The Church of England will repatriate Benin Bronzes to Nigeria, despite the artworks being gifted to a former Archbishop of Canterbury during a tour of the country just 40 years ago.
This is amidst renewed calls to return the sculptures created for royalty in the Kingdom of Benin, present-day Nigeria, most of which were stolen British forces in 1897.
The two statues to be returned were given to Archbishop Robert Runcie during an Easter visit to Nigeria in 1982.
The Church offered to “return the bronzes as a gesture of goodwill” following a request from campaigners for repatriation.
A statement from Lambeth Palace said: “We have recently been contacted by the Digital Benin project… who enquired about our collection of gifts at Lambeth Palace and if we had received any Benin kingdom objects as gifts over the years.
“We have two bronze busts, given to us by the Benin kingdom in 1982. The two bronze busts were not taken from Benin in 1897.“We have offered for the two busts to be included in the Digital Benin project and eventually, returned to our friends in Edo, Nigeria, where they may remain.”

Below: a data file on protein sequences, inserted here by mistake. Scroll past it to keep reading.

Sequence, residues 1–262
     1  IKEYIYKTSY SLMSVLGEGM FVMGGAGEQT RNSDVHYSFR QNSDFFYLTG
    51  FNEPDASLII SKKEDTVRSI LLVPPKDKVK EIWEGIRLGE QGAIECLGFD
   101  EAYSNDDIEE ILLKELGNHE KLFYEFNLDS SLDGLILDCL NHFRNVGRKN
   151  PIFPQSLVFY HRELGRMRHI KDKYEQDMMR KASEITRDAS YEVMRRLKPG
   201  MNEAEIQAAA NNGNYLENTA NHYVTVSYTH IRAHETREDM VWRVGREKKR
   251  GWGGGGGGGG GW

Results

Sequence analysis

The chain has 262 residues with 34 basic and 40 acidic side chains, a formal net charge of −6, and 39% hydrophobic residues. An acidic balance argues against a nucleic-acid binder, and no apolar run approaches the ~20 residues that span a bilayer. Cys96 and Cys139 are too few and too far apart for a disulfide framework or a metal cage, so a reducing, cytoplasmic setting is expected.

Prof Alli gave one bust on behalf of the people of Bendel State and the other was given to Archbishop Runcie by the University of Nigeria in Nuskka.The churchman held his office from 1980 to 1991, and died in 2000.
Talks are ongoing between the Church of England and officials in Nigeria, home to 18 million Anglicans, regarding the two statues being moved to the Edo Museum of West African Art, which is designed to house returned Benin Bronzes on completion in 2025.
The Edo museum could receive a number of these items from institutions in the UK, as regional museums not legally bound to retain objects have increasingly adopted a policy of repatriation following Black Lives Matter protests.
Museums in Liverpool, Derby, Cambridge, Bristol and Manchester have also responded to calls for the return of Benin Bronzes by changing their policies to accept claims for repatriation.